After gathering all the images and ideas (see Part 1 for this rather agonizing process), you’ve got to get the whole thing onto a flat, 2-D surface in some sort of order that is understandable, so that you can start carving without a lot of guesswork. Thinking where you have to cut slows the carving waaaaaay down.
It begins with a good design. Design is everything. Often this is a relatively small sketch called a thumbnail (small, like a thumbnail, get it?). Original was about 1-1/2in, which was fleshed out into a slightly more detailed sketch at 8in (bigger than usual, since the final product would be a 5ft block containing a lot of detail):
Tighten up design, flip, and a printout
From here, I mocked up something more detailed in Photoshop with my hog reference photos, text laid out, old black/white photos, etc. Also I then flipped the image to be “wrong-reading” as when you carve a relief block, the text has to be backwards, so that when you print it, the text will be “right reading.” Next, I printed the image out at 6 inches tall, then projected it onto the 40in x 60in woodblock. This is Baltic Birch plywood that I use for woodcuts (purchased from local lumber supply place). Baltic Birch is slightly better quality than regular Birch plywood—it has less voids. Then, you trace the basic lines (not all the detail, since it’s not very sharp), with a Sharpie on the wood. After that, with references in hand, draw in all of the details, again using the Sharpie:
Tint it! Coat it!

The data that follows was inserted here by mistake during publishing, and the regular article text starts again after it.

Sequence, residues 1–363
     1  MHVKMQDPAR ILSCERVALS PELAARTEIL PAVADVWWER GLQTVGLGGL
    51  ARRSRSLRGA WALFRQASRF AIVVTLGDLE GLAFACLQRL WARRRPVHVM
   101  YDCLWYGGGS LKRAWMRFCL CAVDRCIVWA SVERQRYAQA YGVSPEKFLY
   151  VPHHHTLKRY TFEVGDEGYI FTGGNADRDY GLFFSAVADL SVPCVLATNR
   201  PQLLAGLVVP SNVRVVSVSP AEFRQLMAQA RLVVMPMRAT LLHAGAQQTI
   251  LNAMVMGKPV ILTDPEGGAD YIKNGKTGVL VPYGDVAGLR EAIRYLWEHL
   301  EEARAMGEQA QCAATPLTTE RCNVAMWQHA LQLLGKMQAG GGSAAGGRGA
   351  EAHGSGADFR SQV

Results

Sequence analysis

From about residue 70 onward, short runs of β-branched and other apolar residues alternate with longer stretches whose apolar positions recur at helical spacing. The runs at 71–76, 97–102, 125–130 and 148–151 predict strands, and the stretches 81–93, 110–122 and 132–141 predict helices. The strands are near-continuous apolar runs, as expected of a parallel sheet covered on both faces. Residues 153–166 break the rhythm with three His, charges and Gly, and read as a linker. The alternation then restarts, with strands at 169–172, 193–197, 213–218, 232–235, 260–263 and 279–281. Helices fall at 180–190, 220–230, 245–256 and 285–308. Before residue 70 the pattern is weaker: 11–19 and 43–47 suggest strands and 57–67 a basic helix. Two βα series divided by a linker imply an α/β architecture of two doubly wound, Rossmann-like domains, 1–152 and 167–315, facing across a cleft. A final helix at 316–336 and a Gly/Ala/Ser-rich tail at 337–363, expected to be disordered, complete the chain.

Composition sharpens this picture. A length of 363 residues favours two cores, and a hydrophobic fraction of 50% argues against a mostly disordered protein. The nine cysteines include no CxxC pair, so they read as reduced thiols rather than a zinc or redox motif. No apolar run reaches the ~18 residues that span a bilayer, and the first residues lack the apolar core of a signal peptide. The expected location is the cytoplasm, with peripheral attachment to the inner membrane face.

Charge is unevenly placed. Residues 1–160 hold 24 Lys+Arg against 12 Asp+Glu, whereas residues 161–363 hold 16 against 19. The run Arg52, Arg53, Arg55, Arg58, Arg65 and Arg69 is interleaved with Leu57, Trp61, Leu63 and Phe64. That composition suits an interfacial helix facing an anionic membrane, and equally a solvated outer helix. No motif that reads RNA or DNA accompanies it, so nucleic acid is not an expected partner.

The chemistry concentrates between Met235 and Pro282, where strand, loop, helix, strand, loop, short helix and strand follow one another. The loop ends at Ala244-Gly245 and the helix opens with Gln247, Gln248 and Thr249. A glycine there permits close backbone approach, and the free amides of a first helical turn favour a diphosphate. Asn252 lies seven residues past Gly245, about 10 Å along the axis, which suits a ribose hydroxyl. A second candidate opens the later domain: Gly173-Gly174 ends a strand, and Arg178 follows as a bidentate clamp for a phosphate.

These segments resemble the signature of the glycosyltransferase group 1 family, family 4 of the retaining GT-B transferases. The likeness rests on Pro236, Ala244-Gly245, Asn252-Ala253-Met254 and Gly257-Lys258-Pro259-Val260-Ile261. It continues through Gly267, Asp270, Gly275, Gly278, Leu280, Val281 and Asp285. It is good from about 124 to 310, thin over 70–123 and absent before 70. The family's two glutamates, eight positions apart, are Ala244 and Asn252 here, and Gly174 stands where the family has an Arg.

When the drawing is finished, you coat the whole block with some color so that when you start cutting, you can see where you’ve cut (if you don’t, it’s very difficult to clearly see where you cut, since it would be the same color–wood color at top surface, and wood color wherever you’ve made a cut). You will see what I mean farther down this post:
Final step before carving is to cover the drawing/red with a thin coat of shellac (or polyurethane—many block printers coat their blocks with this instead). It provides a protective coating so that the drawing won’t be damaged (especially important if you used something like black pencil to draw with instead of Sharpie, which I’ve also done in past). Also, the shellac provides a harder surface than the uncoated baltic birch, so you get a really sharp cut to each gouge that you make. It’ll hold detail a little better. Shellac also just protects that surface for when you print—making it harder to dent.
And the first cutting session:
And a close-up so you can see the amount of detail going into this:
After the 4rth day of cutting:
And on the 8th day it’s done!
Zuzu for scale:
Ready to drive down to Chicago and print: